The best ways to beat seasonal flu
According to the Centers for Disease Control and Prevention, influenza, commonly called "the flu," is very contagious and tends to circulate during the fall, winter and early spring.
Some seasons are worse in terms of the number of people catching the flu, and some viruses are more virulent. This means that while not very many people may get very ill during years with a mild flu season, many people may get quite ill during the years with a more severe flu season.
Most young, healthy people can fight off the flu on their own, but very young children, older adults and those with compromised immune systems are at risk for serious complications that may lead to death. For this reason, it is important for everyone to do his or her part in preventing the spread of influenza.
The most effective way to prevent influenza, according to the New York City government, is to get your annual flu shot. This vaccine is manufactured each year in response to the strains of the flu that experts feel are mostly likely to circulate. The vaccine is available as an injection and also as a nasal mist.
Your Boston doctor can advise you as to whether you are a good candidate for receiving an influenza vaccination and, if so, which type you should receive.
Other than getting your flu shot, there are several things that you can do to prevent the spread of the flu. First, practice good hygiene.
The CDC recommends taking measures such as covering your nose and mouth when you cough or sneeze, washing your hands frequently, and avoiding contact between your hands and your mucous membranes. If you do become sick, avoid contact with others.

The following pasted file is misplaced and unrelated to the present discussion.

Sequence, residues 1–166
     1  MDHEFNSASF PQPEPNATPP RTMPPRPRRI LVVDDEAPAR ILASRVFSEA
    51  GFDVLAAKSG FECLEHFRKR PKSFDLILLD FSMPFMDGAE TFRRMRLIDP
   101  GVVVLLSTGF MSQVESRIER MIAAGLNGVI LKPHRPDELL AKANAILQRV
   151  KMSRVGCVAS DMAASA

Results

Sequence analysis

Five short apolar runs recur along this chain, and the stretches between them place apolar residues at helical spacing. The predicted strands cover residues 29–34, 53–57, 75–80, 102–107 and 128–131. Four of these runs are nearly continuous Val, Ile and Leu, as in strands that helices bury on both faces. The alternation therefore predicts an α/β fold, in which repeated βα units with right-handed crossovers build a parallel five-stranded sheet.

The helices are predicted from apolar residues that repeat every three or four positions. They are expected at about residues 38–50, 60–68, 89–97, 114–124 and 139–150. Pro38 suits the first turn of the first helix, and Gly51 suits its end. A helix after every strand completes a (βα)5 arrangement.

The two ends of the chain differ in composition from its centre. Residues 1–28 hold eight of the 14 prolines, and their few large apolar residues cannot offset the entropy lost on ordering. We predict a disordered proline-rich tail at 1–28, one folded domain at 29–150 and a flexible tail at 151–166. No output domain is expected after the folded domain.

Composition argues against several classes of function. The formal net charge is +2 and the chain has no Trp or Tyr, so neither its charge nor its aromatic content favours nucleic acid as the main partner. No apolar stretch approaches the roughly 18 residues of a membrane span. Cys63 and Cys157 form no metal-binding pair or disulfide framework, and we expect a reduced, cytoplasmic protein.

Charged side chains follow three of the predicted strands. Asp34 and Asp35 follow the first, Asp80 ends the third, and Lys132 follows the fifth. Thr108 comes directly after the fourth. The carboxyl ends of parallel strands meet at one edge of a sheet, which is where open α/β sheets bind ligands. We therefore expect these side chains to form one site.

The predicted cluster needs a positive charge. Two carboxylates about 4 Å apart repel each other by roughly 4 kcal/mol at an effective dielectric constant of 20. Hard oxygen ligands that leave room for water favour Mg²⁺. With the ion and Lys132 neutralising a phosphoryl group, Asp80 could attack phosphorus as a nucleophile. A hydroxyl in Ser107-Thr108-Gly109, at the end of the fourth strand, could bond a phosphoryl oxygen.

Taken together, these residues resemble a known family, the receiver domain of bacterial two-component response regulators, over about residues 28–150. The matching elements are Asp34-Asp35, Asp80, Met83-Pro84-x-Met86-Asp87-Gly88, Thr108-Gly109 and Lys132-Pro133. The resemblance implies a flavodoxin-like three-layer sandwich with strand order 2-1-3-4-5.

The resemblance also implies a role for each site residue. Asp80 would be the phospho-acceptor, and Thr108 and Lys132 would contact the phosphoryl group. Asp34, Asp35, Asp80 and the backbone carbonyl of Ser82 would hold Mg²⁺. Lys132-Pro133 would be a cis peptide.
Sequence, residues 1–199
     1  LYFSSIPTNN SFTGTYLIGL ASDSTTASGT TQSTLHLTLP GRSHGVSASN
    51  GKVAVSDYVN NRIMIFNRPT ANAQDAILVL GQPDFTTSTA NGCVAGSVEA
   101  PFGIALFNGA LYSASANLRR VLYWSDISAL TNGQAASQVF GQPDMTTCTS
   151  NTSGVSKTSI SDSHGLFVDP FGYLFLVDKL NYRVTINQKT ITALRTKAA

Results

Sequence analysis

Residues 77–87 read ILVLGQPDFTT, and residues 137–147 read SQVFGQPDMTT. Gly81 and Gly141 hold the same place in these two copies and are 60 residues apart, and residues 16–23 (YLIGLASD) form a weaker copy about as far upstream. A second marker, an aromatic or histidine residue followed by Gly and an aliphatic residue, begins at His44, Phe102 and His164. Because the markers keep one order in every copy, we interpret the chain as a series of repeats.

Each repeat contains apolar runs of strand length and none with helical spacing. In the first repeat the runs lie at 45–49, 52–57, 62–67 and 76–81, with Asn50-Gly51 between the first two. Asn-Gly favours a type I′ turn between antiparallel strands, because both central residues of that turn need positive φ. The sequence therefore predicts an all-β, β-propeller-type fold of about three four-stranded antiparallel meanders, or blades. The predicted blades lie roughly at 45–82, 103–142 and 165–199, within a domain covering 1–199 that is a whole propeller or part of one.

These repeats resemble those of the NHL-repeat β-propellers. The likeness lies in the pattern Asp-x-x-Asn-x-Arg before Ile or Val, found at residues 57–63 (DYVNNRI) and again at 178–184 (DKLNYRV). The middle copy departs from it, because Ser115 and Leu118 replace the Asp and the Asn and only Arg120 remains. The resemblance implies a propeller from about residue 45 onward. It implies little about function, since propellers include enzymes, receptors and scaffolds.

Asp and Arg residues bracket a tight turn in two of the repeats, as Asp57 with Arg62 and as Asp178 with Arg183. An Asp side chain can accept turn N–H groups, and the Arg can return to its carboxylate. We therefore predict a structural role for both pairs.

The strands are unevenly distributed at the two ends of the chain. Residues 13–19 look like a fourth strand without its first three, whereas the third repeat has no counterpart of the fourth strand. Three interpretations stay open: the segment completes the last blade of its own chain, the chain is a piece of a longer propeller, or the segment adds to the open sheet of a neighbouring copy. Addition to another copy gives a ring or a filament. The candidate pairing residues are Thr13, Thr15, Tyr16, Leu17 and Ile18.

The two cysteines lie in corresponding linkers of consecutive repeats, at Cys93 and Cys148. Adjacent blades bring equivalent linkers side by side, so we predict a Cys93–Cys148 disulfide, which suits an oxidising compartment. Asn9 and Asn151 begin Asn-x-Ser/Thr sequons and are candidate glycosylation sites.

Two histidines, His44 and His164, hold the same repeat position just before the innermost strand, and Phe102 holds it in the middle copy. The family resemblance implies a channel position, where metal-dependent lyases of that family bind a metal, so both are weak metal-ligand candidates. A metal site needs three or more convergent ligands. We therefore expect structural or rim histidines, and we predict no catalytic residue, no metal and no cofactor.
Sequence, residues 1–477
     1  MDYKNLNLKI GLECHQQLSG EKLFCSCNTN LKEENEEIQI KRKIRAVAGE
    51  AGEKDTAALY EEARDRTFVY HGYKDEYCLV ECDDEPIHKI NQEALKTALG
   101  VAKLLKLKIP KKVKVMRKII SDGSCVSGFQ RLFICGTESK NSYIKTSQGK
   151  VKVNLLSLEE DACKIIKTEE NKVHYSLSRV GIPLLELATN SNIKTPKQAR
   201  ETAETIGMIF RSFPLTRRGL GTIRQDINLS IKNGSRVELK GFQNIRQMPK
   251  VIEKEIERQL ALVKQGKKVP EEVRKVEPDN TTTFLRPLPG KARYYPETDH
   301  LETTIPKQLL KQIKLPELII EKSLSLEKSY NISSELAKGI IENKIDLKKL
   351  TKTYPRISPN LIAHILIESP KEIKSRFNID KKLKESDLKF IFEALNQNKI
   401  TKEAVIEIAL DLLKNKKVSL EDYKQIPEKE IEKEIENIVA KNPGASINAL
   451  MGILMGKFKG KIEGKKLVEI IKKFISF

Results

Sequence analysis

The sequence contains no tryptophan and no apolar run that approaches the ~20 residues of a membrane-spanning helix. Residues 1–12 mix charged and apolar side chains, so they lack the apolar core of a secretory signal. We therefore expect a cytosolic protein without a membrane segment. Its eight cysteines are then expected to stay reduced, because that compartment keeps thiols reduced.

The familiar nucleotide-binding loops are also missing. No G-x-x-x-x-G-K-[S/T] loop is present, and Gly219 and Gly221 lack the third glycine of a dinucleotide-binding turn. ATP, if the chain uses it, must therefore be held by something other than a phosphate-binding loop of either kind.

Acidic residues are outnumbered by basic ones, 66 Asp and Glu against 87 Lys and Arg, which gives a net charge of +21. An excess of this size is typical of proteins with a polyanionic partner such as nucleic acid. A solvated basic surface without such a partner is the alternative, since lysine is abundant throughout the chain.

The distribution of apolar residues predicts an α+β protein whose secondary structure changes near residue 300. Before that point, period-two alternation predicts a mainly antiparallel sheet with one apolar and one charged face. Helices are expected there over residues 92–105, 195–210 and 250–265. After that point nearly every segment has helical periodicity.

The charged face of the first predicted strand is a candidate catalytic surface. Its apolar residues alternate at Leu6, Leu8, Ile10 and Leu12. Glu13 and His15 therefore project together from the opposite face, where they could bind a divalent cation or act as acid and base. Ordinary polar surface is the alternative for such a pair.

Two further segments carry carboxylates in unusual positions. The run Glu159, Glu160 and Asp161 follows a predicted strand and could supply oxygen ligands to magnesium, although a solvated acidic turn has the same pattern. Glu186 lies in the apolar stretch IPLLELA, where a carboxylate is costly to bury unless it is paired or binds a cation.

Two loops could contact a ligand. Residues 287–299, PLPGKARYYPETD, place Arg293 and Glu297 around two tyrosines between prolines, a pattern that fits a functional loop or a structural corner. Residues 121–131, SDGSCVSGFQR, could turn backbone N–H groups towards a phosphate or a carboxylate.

According to the New England Journal of Medicine, wearing a face mask may help prevent transmission among family members. This may be worth considering, particularly if you have member of your household who is immune system is or has been compromised.
The National Center for Complementary and Alternative Medicine has compiled a list of natural remedies that some people use to try to prevent the flu. They do point out that none of these have been studied at length, and that they may or may not be effective.
These remedies include vitamin C, vitamin D, echinacea, ginseng, green tea, oscillococcinum and elderberry. Because natural remedies can interact with other medications that you are taking and may exacerbate conditions that you already have, always check with your doctor before taking any herbs or other remedies to prevent the flu.
Before the start of the flu season, see your doctor to discuss ways that you can prevent getting the flu. This is especially important if you have health conditions that would predispose you to becoming more ill than the average person. Follow your doctor's recommendations carefully to increase your chances of staying well this flu season.